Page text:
Treating Dad to steak on the grill for Father's Day practically guarantees you'll get a happy pappy. But this year, faced with sticker shock at the meat counter, we decided to economize. Don't tell Dad, but that amazing steak sizzling out on the barbie didn't cost a fortune.
Steep prices are challenging everyone who craves beef, and meat packers are responding by offering several newer cuts designed to be more economical. This can be a bit confusing at the supermarket, since the names of these cuts are unfamiliar and may vary by region. For example, the new "shoulder-cut petit tender steak" looks similar to tenderloin, only smaller. You're also likely to find new cuts of the flavorful flat-iron steak, only with its tough connective tissue removed. Again, they're smaller.
If you're unfamiliar with a cheaper cut of steak, you can always check the cooking method on the package label to see whether grilling is recommended. We've followed this guidance with many of the new cuts with good results. For today's recipe, we bought a widely available cut, boneless top sirloin, for $4 a pound on sale, marinated it to tender perfection with olive oil, garlic, cilantro and lime, and served it sliced.
The idea for the marinade comes from the chimichurri sauces commonly served in Nicaraguan and Argentinean steak houses. After swirling in a food processor, the fresh ingredients act both as a tenderizing marinade and an amazing sauce for the grilled meat. Traditional chimichurri sauce uses parsley and lemon, and our twist offers bright flavors that veer a bit from the norm.Today's Cilantro Chimichurri will work with any economical cut you choose. We're betting Dad will be thrilled.
Menu suggestion: Grilled Steak with Cilantro Chimichurri
GRILLED STEAK WITH CILANTRO CHIMICHURRI
Start to finish: 8 minutes preparation, 4 to 24 hours marinating time and about 15 minutes grilling time
3 large cloves garlic
1 cup fresh cilantro leaves, loosely packed
Juice from 1 1/2 limes (about 3 tablespoons to 1/4 cup)
1/2 teaspoon each salt and black pepper
1/2 cup extra-virgin olive oil
Cook's note: Any cut of steak labeled "suitable for grilling" will work for this recipe. Allow at least 4 to 6 ounces per person. For testing, we used a 1-inch-thick boneless top sirloin. The marinade/sauce also works well for chicken, pork or even lamb.
Peel the garlic and drop the cloves through the feed tube of a food processor with the motor running. Mince finely.
Rinse and dry the cilantro. Remove the leaves from the tough bottom stems, but you can use the tender upper stems to make 1 cup loosely packed. Place the cilantro in the food processor and pulse the motor to mince finely. Scrape down the sides as needed. Add the lime juice, salt, pepper and oil. Pulse the motor two to three times just to stir the mixture. Remove 1/4 cup of the mixture into a sealed jar or other airtight container and refrigerate until ready to serve. (This will be the cilantro chimichurri sauce for serving.)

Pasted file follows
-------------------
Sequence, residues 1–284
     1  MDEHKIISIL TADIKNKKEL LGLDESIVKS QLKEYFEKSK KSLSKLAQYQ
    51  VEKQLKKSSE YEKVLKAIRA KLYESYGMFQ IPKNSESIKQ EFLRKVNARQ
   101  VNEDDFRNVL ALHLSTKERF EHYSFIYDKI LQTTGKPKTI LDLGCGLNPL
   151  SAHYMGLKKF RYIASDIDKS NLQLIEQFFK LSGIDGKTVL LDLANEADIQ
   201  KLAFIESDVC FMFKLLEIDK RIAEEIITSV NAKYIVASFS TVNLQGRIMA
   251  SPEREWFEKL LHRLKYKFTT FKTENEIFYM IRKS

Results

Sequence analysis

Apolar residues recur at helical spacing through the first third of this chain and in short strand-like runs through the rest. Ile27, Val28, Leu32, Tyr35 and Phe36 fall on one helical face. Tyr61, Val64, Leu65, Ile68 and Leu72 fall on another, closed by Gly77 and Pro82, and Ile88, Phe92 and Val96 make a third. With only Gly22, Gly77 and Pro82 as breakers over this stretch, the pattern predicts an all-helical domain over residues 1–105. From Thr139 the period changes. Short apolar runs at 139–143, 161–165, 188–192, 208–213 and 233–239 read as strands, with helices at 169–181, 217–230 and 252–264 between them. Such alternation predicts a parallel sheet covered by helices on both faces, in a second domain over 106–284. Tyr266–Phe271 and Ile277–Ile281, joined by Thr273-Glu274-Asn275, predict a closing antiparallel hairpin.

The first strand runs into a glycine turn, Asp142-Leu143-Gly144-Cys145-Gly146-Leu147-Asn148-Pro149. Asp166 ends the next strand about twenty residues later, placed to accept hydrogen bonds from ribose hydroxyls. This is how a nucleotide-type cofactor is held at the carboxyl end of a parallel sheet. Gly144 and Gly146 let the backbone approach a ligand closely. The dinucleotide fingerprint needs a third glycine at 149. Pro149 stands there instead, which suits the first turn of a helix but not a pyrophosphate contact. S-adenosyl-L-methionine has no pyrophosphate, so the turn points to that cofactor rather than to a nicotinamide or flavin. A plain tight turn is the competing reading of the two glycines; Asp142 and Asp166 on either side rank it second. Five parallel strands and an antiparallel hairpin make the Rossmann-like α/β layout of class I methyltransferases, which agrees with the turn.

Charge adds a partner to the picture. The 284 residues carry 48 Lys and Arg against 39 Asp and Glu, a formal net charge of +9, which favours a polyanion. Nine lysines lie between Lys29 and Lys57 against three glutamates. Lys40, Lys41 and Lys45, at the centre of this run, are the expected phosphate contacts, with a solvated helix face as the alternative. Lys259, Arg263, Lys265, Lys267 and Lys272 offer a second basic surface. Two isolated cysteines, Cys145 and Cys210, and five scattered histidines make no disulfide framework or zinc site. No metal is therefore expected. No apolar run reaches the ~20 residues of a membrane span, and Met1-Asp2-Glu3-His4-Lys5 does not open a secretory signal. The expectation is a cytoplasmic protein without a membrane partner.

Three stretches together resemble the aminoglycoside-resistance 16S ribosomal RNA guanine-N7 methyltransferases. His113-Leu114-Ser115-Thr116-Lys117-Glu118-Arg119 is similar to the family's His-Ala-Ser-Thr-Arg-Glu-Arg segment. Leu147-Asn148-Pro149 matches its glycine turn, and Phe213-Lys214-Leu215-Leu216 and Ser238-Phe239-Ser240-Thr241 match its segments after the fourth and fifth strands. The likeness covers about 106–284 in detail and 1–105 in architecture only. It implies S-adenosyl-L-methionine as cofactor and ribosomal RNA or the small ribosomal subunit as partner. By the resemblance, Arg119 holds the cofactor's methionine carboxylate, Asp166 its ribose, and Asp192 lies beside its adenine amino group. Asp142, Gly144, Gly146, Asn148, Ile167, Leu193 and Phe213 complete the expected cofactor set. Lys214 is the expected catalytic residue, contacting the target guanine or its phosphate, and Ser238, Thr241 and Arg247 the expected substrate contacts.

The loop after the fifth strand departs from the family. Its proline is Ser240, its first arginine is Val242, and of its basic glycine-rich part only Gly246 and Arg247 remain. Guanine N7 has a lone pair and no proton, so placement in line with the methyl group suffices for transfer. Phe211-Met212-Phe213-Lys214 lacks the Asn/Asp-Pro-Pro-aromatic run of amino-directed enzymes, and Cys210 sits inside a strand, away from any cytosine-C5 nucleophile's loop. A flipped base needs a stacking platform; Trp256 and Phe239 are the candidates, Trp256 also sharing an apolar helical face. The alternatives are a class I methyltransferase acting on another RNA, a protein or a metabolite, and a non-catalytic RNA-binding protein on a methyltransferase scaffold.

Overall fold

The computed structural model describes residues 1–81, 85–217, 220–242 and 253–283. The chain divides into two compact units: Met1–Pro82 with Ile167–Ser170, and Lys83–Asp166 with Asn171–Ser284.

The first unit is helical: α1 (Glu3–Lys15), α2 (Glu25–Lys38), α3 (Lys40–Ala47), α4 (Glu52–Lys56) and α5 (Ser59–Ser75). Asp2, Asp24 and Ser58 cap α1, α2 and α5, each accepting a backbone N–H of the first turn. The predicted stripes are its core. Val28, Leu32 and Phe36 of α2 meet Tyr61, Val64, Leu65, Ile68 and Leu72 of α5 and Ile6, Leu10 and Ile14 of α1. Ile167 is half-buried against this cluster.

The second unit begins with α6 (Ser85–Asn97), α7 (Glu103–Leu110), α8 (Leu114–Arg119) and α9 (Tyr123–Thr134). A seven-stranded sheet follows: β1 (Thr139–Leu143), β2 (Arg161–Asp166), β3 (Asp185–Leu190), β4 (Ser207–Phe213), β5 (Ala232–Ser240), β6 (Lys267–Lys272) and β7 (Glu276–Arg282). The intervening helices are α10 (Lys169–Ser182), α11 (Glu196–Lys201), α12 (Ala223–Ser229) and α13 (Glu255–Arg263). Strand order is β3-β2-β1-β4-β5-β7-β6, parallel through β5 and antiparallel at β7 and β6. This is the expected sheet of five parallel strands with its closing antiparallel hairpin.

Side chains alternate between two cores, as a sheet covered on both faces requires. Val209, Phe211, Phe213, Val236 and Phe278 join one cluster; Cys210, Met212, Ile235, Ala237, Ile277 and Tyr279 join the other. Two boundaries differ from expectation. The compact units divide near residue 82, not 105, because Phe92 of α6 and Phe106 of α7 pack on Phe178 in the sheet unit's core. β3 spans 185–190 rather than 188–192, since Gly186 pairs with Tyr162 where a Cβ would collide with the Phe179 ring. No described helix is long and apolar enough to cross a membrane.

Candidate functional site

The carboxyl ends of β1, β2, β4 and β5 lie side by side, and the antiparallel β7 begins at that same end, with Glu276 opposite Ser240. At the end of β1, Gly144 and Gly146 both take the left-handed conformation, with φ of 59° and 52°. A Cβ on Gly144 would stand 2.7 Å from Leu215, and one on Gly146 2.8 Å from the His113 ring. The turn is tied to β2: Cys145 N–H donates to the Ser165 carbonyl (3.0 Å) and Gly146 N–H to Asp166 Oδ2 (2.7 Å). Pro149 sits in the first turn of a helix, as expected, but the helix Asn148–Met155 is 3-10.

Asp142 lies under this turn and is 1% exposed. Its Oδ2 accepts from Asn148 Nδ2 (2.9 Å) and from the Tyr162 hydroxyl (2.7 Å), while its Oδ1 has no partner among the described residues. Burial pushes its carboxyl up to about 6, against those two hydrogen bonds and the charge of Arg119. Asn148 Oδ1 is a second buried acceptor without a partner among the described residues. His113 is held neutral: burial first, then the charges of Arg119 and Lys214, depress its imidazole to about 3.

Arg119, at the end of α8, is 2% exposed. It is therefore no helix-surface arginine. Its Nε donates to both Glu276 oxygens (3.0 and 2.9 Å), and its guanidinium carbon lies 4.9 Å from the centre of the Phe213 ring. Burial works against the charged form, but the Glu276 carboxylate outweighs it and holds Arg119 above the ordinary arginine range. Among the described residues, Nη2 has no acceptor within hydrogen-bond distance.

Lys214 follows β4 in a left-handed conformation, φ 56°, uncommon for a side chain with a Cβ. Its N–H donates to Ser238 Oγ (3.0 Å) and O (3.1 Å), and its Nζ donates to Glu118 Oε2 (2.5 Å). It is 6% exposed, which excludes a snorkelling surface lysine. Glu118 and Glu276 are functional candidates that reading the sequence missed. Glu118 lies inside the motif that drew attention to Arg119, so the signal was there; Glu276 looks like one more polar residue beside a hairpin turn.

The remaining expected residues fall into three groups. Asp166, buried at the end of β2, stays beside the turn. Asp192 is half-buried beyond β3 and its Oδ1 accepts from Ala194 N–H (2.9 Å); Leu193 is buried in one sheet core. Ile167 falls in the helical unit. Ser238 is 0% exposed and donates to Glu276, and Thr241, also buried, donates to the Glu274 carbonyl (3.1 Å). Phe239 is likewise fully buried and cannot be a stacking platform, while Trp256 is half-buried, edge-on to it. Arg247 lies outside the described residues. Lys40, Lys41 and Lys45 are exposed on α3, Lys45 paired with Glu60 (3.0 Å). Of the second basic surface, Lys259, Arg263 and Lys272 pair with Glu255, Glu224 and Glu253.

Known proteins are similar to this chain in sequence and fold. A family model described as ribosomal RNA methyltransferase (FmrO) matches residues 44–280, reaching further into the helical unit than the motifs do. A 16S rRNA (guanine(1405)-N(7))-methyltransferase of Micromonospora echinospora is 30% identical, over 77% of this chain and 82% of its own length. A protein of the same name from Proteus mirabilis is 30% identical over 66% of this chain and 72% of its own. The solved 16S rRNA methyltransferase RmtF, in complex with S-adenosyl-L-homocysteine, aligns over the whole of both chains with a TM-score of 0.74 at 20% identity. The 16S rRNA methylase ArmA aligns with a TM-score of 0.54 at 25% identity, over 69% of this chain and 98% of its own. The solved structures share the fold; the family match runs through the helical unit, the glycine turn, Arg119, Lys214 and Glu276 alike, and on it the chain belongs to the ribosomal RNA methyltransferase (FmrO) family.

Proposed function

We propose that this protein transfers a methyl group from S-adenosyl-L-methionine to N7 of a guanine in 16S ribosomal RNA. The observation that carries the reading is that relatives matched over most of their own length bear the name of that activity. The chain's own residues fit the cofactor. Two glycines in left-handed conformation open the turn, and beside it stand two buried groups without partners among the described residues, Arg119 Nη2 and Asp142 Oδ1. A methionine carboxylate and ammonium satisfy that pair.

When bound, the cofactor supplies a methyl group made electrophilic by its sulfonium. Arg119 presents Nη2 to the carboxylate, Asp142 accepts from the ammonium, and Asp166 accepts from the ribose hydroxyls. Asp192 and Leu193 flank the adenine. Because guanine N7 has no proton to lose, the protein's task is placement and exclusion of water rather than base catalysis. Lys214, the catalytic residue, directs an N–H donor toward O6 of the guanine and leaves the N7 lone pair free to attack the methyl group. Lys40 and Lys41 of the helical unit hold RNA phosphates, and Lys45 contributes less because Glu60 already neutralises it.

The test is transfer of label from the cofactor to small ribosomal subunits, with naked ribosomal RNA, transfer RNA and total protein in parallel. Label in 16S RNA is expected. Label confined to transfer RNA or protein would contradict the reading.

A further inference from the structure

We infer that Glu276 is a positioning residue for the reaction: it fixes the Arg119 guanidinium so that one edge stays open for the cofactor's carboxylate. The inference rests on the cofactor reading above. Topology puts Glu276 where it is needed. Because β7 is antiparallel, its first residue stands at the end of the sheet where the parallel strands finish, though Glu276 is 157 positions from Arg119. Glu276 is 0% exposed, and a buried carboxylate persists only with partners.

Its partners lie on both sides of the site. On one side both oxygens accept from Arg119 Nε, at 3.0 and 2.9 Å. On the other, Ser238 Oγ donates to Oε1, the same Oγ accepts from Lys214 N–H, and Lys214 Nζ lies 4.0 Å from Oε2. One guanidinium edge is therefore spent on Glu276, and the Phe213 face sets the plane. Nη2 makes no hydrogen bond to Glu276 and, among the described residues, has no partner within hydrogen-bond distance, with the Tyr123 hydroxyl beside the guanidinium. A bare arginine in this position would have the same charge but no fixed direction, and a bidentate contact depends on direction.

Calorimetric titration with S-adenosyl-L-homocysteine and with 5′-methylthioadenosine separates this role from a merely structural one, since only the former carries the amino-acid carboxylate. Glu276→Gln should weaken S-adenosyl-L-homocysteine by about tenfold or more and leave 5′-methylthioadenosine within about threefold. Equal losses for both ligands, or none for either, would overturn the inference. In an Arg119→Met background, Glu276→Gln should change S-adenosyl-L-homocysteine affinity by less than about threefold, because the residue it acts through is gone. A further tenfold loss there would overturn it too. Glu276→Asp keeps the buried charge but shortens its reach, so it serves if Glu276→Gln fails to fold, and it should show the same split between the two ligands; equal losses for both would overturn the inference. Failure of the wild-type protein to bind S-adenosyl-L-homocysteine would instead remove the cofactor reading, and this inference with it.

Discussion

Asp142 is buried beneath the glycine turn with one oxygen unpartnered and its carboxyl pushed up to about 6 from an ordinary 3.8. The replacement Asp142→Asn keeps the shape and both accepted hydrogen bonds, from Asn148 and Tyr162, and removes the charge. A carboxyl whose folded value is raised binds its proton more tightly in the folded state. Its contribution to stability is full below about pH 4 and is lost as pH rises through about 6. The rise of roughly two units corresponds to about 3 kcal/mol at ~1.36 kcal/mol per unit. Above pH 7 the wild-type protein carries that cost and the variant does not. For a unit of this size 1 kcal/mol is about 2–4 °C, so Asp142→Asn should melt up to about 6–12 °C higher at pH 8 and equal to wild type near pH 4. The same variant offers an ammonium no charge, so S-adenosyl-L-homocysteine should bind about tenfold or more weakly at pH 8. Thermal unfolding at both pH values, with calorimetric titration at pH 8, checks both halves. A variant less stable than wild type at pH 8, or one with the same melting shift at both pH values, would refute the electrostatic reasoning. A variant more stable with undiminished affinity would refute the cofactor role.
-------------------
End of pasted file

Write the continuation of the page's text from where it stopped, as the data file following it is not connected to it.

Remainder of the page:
Place the steak into a gallon-size zipper-top plastic bag. Pour the remaining marinade mixture into the bag, seal it and turn the bag until the steak is well covered. Lay the steak flat in the refrigerator, and marinate for at least 4 hours or up to 24 hours. If possible, turn the bag over halfway through the marinating.
To cook the steak, preheat a gas grill to medium-high. Remove the steak from the bag, leaving on any marinade that clings to the meat. Discard the remaining marinade. Place the steak on the grill. (Be prepared for the oil to cause the grill to flame up briefly.) Close the grill lid. Cook the steak to personal preference, turning the meat halfway through grilling. (For a steak that's 1-inch thick, grill about 7 to 8 minutes per side for medium rare.)
To serve, remove the Cilantro Chimichurri from the refrigerator and bring it to room temperature. Stir to remix the sauce. Cut the steak into portions or slices if desired. Top each serving with 1 tablespoon of the cilantro chimichurri. Yield: 4 servings.Approximate values per 4-ounce serving: 345 calories (73 percent from fat), 28 g fat (7 g saturated), 102 mg cholesterol, 22 g protein, 1 g carbohydrates, trace amount dietary fiber, 190 mg sodium.
Beverly Mills and Alicia Ross are co-authors of "Desperation Dinners!" (Workman, 1997), "Desperation Entertaining!" (Workman, 2002) and "Cheap.Fast.Good!" (Workman, 2006). Contact them at Desperation Dinners, c/o United Media, 200 Madison Ave., New York, NY 10016. Or visit the Desperation Dinners Web site at www.desperationdinners.com. © United Feature Syndicate Inc.